Then forth they all out of their baskets drew Great store of flowers, the honour of the field, That to the sense did fragrant odours yield, 75 All which upon those goodly birds they threw And all the waves did strew, That like old Peneus' waters they did seem When down along by pleasant Tempe's shore Scatter'd with flowers, through Thessaly they stream, 80 That they appear, through lilies' plenteous store, Like a bride's chamber-floor.
Two of those nymphs meanwhile two garlands bound Of freshest flowers which in that mead they found, The which presenting all in trim array, 85 Their snowy foreheads therewithal they crown'd; Whilst one did sing this lay Prepared against that day, Against their bridal day, which was not long: Sweet Thames! run softly, till I end my song.
90 "Ye gentle birds! the world's fair ornament, And heaven's glory, whom this happy hour Doth lead unto your lovers' blissful bower, Joy may you have, and gentle heart's content Of your love's couplement; 95 And let fair Venus, that is queen of love, With her heart-quelling son upon you smile, Whose smile, they say, hath virtue to remove All love's dislike, and friendship's faulty guile For ever to assoil.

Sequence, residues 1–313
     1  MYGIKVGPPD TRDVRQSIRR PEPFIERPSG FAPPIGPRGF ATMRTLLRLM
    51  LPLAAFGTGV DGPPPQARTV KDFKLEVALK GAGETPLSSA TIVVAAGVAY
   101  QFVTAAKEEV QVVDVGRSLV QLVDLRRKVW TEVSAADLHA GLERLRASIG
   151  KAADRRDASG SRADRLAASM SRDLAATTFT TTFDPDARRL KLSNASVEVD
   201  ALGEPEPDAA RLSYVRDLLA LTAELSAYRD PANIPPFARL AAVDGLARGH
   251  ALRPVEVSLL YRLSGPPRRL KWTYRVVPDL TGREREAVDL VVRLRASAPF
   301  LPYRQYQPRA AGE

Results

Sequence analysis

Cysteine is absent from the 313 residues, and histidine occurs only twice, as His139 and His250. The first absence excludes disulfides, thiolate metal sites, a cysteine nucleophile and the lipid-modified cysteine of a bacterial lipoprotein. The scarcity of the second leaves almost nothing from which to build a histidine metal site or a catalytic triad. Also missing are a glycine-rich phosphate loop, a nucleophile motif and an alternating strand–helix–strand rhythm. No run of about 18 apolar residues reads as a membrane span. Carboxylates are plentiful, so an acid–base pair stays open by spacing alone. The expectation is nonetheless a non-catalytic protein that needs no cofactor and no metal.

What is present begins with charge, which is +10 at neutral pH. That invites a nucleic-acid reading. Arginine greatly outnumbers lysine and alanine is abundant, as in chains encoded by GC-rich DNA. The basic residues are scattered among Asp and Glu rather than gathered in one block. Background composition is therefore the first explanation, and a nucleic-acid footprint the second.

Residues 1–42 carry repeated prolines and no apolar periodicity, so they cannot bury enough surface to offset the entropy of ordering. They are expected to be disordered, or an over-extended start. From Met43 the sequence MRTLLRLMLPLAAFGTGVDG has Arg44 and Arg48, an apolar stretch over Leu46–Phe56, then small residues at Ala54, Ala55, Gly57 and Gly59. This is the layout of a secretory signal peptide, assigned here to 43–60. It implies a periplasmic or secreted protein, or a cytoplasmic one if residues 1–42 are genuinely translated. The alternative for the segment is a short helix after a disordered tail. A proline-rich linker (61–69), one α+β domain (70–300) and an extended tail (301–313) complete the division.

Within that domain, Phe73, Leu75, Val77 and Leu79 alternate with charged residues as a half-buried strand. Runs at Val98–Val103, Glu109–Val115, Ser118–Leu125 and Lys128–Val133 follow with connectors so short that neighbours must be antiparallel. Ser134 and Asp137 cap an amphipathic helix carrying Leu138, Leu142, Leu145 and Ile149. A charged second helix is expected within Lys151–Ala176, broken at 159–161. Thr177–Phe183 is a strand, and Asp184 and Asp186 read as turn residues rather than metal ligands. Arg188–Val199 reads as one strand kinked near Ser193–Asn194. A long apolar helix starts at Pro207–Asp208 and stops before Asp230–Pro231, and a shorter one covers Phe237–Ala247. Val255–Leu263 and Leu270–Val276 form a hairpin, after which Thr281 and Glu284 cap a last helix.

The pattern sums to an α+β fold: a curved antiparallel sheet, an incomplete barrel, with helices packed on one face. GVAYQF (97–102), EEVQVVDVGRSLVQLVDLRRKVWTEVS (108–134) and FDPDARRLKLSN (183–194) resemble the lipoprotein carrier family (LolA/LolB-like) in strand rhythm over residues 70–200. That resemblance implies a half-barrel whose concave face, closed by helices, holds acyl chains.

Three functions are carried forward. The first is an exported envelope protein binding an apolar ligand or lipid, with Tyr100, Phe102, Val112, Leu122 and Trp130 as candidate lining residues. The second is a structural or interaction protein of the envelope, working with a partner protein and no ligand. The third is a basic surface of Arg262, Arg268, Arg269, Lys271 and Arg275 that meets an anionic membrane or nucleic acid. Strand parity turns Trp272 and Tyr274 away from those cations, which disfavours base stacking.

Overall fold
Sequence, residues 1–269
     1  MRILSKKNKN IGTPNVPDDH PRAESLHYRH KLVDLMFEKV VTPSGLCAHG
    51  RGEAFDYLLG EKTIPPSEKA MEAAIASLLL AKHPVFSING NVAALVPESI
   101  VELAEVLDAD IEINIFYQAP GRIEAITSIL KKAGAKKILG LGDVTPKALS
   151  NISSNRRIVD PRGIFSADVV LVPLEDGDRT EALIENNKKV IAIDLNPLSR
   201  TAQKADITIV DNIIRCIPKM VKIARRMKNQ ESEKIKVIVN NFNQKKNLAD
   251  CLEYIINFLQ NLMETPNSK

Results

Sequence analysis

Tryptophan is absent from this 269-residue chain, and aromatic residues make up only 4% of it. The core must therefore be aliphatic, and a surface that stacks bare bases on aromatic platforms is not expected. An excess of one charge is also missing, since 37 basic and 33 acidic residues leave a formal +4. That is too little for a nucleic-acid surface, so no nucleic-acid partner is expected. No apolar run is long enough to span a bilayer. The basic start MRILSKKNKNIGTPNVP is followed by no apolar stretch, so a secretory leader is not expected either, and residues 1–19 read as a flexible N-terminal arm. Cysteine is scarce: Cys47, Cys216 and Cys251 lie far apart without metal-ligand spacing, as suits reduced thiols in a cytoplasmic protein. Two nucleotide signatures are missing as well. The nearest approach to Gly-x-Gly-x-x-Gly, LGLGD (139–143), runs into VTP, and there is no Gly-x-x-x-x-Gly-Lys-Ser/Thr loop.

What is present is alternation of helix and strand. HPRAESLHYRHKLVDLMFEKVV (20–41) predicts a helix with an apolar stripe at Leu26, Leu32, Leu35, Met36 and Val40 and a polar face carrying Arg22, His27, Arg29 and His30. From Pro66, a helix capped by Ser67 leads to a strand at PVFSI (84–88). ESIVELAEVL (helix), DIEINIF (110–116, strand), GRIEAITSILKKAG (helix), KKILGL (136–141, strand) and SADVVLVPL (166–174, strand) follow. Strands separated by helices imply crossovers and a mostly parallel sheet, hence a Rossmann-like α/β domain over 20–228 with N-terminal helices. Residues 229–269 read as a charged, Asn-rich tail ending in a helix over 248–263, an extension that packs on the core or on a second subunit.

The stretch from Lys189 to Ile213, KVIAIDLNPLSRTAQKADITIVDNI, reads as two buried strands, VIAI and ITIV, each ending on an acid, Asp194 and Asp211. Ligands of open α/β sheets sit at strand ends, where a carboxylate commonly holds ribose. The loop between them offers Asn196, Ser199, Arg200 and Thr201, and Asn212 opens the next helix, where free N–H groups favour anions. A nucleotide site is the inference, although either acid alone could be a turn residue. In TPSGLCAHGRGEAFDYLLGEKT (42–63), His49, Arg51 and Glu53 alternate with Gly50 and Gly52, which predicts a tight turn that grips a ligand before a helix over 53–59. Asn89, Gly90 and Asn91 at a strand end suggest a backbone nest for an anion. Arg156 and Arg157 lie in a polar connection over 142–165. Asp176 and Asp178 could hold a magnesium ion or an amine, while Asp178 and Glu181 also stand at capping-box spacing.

100 Let endless peace your steadfast hearts accord, And blessed plenty wait upon your board; And let your bed with pleasures chaste abound, That fruitful issue may to you afford Which may your foes confound, 105 And make your joys redound Upon your bridal day, which is not long: Sweet Thames! run softly, till I end my song.
" So ended she; and all the rest around To her redoubled that her undersong, 110 Which said their bridal day should not be long; And gentle Echo from the neighbour ground Their accents did resound.
So forth those joyous birds did pass along Adown the Lee that to them murmur'd low, 115 As he would speak but that he lack'd a tongue; Yet did by signs his glad affection show, Making his stream run slow.
And all the fowl which in his flood did dwell 'Gan flock about these twain, that did excel 120 The rest, so far as Cynthia doth shend The lesser stars.
So they, enrang¨¨d well, Did on those two attend, And their best service lend Against their wedding day, which was not long: 125 Sweet Thames! run softly, till I end my song.